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Change

Has anybody got any spare change? This economy has made it difficult for everyone, except possibly, the guys (and gals) at Goldman Sachs.

But that is not exactly the type of change that I was thinking about.  The change that I want to talk about today is related to change in your business.  As an advisor to small businesses, sometimes I work with folks who have run their companies for 4, 6 or even 8 years.  Over that time they have developed a business concept that has built a client base and some revenue stream.  But there they are. Their goal is to grow their business, but they are having a rough go of it.  None of the concepts or ideas are working.

So, one way to get things moving, they think, is to bring in an advisor.  Ah ha, someone who has been there and seen a lot of other companies.  Somehow they find out about me (Thank you to all of you who refer business my way). So we talk. I ask questions and they are caught up in the moment of thinking about a big payday.  “I know that my concept is worth 4 or 5 times what I am making now.  Look at my customers. All I need is someone to show me the path. I’m willing to do anything.”  And in a few cases, this is probably right.  The company may only be a couple of small tweaks away from greatness.

But way more often, there is disappointment on both sides.  Why is this? I believe that a big portion of this is resistance to change.  The business owner cannot give up what got her to the current point.  Sometimes it is that the owner is doing the work that his employee should be doing (what got him there).  Other times, the entrepreneur is feeling that doing the hard work of selling, implementing new programs or developing relationships with partners is below her.

Change is the starting point for the next level of business.  Most businesses run in a predictable pattern.  Up to about $1 million in revenue, the owner (and entrepreneur) can manage the business by himself.  He can figure out the right hires and engender enough loyalty to build a stable business.  At about $1 million, in order to grow, the entrepreneur needs to change. Things need to get more formalized.  You need sales forecasts, HR forms, partnership negotiations, perhaps even a new business model.  The owner needs to get out from servicing the customer directly on a daily basis and start to lead the business in these new directions.  In the cases where the owner is capable of growing and changing, this is the start of the entrepreneurial-managerial journey.  You are not just running a business, but at this level you are also leading a team that will help to propel the business.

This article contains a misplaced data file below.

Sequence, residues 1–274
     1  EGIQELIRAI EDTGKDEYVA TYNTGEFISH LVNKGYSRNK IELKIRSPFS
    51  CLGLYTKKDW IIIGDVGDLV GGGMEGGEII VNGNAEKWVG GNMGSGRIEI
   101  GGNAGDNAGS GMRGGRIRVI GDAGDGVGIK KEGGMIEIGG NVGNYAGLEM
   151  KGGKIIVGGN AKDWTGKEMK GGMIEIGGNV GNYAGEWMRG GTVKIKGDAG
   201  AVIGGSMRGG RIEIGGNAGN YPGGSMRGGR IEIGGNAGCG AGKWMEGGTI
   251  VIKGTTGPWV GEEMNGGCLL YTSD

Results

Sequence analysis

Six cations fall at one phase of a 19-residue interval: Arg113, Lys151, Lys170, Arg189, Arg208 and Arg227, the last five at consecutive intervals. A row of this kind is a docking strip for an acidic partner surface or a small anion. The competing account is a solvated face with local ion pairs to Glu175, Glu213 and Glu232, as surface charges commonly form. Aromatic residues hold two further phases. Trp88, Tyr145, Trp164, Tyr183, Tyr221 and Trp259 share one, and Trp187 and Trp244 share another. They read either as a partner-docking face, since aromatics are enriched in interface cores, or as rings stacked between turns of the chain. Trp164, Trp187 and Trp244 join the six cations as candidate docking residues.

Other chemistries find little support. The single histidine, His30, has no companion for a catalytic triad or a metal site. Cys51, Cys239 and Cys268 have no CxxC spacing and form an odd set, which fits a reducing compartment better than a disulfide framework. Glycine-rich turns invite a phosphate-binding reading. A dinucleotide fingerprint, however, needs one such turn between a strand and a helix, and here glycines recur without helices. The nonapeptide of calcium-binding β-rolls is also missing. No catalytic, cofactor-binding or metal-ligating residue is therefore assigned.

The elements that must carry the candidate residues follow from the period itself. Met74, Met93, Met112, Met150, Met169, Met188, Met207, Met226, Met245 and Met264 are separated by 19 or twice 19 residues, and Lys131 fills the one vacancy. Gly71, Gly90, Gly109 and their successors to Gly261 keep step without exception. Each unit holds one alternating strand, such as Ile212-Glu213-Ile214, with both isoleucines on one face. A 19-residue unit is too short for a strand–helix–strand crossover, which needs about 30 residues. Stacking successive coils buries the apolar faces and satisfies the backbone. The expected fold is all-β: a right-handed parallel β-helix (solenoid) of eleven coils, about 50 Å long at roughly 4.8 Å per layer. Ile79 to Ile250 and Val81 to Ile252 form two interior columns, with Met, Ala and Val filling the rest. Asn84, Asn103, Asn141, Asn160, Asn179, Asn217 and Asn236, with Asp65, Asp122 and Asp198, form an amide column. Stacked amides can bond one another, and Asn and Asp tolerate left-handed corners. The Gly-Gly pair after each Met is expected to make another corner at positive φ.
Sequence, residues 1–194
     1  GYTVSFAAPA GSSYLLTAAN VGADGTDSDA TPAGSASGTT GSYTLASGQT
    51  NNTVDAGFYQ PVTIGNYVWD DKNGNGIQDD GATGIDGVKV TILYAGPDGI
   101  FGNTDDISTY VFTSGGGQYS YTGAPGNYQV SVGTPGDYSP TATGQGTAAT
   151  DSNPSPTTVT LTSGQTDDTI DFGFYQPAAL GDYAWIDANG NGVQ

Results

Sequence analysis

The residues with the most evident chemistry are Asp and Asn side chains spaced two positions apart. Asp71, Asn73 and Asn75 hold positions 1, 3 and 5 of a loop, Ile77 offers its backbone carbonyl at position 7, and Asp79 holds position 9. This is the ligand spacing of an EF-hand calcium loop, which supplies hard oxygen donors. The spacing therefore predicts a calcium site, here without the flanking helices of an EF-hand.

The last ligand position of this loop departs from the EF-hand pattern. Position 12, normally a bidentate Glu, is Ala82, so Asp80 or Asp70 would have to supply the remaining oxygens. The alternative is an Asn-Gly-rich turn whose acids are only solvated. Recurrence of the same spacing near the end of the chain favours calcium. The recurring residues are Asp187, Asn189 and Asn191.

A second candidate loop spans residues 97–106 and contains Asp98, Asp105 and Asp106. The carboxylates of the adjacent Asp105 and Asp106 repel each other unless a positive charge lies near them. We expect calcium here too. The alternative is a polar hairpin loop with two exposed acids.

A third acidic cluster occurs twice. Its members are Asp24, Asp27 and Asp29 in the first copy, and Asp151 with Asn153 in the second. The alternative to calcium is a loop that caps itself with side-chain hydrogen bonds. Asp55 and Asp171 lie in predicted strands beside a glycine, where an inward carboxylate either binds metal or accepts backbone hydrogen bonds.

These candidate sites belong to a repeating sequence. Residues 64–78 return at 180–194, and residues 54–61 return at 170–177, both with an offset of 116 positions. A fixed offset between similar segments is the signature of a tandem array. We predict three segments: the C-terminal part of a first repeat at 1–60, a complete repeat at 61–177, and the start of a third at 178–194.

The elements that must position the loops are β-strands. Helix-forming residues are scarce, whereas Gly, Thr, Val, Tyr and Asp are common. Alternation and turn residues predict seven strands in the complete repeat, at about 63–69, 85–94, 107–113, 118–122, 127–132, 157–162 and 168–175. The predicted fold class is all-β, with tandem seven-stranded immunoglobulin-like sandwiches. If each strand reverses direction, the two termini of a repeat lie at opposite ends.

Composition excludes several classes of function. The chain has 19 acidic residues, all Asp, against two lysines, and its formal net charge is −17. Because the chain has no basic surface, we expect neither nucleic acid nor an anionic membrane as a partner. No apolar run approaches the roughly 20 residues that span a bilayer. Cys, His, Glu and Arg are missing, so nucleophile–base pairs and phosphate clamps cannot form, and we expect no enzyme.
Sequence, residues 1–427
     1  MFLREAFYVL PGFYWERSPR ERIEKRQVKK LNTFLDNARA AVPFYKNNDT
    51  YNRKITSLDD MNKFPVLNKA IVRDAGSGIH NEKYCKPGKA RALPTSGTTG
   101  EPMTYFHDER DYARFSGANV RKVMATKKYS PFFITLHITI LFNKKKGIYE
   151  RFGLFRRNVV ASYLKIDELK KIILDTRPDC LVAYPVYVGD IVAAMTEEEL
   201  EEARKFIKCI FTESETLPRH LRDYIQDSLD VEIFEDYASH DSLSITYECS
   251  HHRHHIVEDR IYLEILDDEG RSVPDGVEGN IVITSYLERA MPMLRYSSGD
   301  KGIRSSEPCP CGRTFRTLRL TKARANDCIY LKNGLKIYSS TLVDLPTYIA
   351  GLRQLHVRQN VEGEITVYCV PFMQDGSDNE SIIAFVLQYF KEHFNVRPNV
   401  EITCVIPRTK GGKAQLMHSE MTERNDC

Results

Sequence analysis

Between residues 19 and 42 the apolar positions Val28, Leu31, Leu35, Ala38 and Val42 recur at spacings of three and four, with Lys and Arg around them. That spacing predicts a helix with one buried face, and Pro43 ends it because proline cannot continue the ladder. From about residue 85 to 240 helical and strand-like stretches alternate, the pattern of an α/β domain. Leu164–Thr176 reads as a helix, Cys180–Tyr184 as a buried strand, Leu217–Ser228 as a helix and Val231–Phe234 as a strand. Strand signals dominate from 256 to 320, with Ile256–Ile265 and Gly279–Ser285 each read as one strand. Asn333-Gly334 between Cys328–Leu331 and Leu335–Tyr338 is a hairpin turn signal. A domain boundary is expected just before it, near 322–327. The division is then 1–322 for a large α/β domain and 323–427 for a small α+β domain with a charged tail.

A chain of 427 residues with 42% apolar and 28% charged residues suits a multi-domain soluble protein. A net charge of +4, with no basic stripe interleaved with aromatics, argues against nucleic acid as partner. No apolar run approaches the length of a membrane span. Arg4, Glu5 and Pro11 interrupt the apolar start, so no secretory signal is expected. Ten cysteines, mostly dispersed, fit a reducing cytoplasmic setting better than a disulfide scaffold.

As hard as I try to help an entrepreneur evaluate their readiness for the types of changes that I have described, very few are ready for the reality. It reminds me of the saying “What got you here, won’t take you there.”  You have to be willing and capable of change. You have to look at change as an opportunity to learn new things or to try out talents in different areas.  Will you be successful? Maybe not, but by not trying you certainly will not be able to get to the next level.  Perhaps you will find out that you are capable of performing some of the skills, but woefully inadequate to do others.  Fine.  Now would be the time to grow your strengths and find others to join your team that can do the painful stuff.  Over time, if you look seriously at increasing your talent base, you will become a much stronger businessperson.

But at the heart of the matter, you have to be willing to change – go out on a limb and try something new.

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